After the accident, no one really does anything irrevocable. Both the girl and her beloved horse are somehow cured of their fright. Annie does not leave her comparatively humdrum husband–Sam Neill humdrum, even almost 20 years after My Brilliant Career (1979)–for the free-range spirit incarnated in Tom Booker. Yet the passionate love between Annie and Tom is rendered with an exquisitely erotic tactility such as we have seldom seen since movies completely abandoned the yearning, burning metaphors of repression for an increasingly boring skin game. With Annie and Tom, it is no more than the lingering touch on a lady’s riding boot in a stirrup, and the non-invasive touch of a partner in a slow dance. In the end, we come to know why Annie has to stay with her gravely handicapped daughter during the difficult years when she is growing up to an uncertain future. No one has to say anything. We just know. These are thoroughly decent people, and they still exist, if only in Mr. Redford’s dream projects. We are not talking postmodern or even modern here, but the best kind of old-fashioned. And this is not to overlook the splendid cinegenicity of horses, and the insights they give us into the hearts and souls of young girls.

The big problem with Bulworth is that its reach far exceeds its grasp. For this one $30 million picture, Mr. Beatty was free to do whatever he wanted without studio interference, but not because he was considered too “hot” to contradict. After the failure of Glenn Gordon Caron’s Love Affair (1994), comparable in its big-star deflation of Mr. Beatty to Sydney Pollack’s Havana (1990) of Mr. Redford, Mr. Beatty found himself with a contractual free ride because of an unfulfilled studio commitment after his Dick Tracy (1990). There are many talented and funny people, black and white, in the cast–Oliver Platt, Josh Malina, Jack Warden, Christine Baranski, Paul Sorvino, Richard Sarafian, Don Cheadle, Isaiah Washington, Sean Astin, Laurie Metcalf and Wendell Pierce, in addition to Mr. Beatty and Ms. Berry.

Unfortunately, the script is clogged with windy rhetoric and sputtering exasperation rather than being studded with witty lines and humorous situations. That I agree with much of the rhetoric, even in the form of rap doggerel, does not relieve me of my suspicion that I am watching an indifferently performed but pointedly written cabaret act rather than a believable movie. The fool’s paradise in which we are now reportedly living will have to come crashing down on us all for Bulworth to be hailed as uncanny prophecy, but then no one will bother to wonder if Mr. Beatty can tap into first-week black audiences for Bulworth , when these audiences have indicated in the past a clear preference for simplistically violent and sexy melodramas, rather than political statements, however correct, populist and radically intentioned.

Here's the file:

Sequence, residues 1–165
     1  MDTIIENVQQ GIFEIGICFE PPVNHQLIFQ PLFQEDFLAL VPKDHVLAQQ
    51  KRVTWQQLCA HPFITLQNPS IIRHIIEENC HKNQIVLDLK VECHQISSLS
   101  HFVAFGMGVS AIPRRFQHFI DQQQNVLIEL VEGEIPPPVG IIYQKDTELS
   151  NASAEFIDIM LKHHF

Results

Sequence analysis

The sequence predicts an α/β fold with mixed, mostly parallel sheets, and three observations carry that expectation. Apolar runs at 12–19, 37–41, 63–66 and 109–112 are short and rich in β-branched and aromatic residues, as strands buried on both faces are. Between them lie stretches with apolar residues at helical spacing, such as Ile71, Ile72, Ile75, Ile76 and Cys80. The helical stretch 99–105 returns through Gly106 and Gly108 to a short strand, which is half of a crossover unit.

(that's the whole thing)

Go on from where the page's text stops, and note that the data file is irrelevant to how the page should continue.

A Double Take on Henry Jaglom

Henry Jaglom’s Déjà Vu , from a screenplay by Mr. Jaglom and Victoria Foyt, starts off slowly and mysteriously as a meandering travelogue from Tel Aviv (or is it Jerusalem?) to Paris to the white cliffs of Dover–both scenically and musically–to London to New York, and back to London. It got better and clearer as it went along until finally it captured me, at least, with its unabashedly lyrical and mystical romance. Ms. Foyt plays a heroine with the courage of her convictions, and Stephen Dillane supports her with a cool stoicism that keeps the coincidences from seeming too contrived. Vanessa Redgrave, Anna Massey and Rachel Kempson bring unexpected feelings into play as the great British actresses are prone to do. Mr. Jaglom has come up with his most satisfying and least narcissistic entertainment in years, and as one of his most notorious detractors in the past, it gives me great pleasure to recant, at least for the moment.

Now, the Movie About Nothing

Bruno Dumont’s Life of Jesus ( La Vie de Jésus ) is not to be taken literally on the titular level. The epileptic anti-hero Freddy (David Douche) is anything but Christ-like with his pudgy pit-bull face, his murderously anti-Arab prejudice, his incipient skinhead status as a small-town loafer who spends his time with his pals on noisy motorcycles recycled from old Hell’s Angels flicks. There are interludes with a local marching band in Dunkirk, France, to which Freddy and his gang belong; Freddy seems to be the only one of the gang with a steady girlfriend, Marie (Marjorie Cottreel), who seems much too pretty and sensible for him.

Mr. Dumont sees life almost entirely from Freddy’s glazed point of view, and it is a dismal vision indeed, with a few metaphors of tenderness like a pet finch that sings only when spring arrives. There is a spurt of violence, more a spasm, really, and we are left only with Freddy, inarticulate to the end. I didn’t get it. Mr. Dumont doesn’t blame anyone in particular, but it would seem that it is expressively fallacious to portray boredom boringly.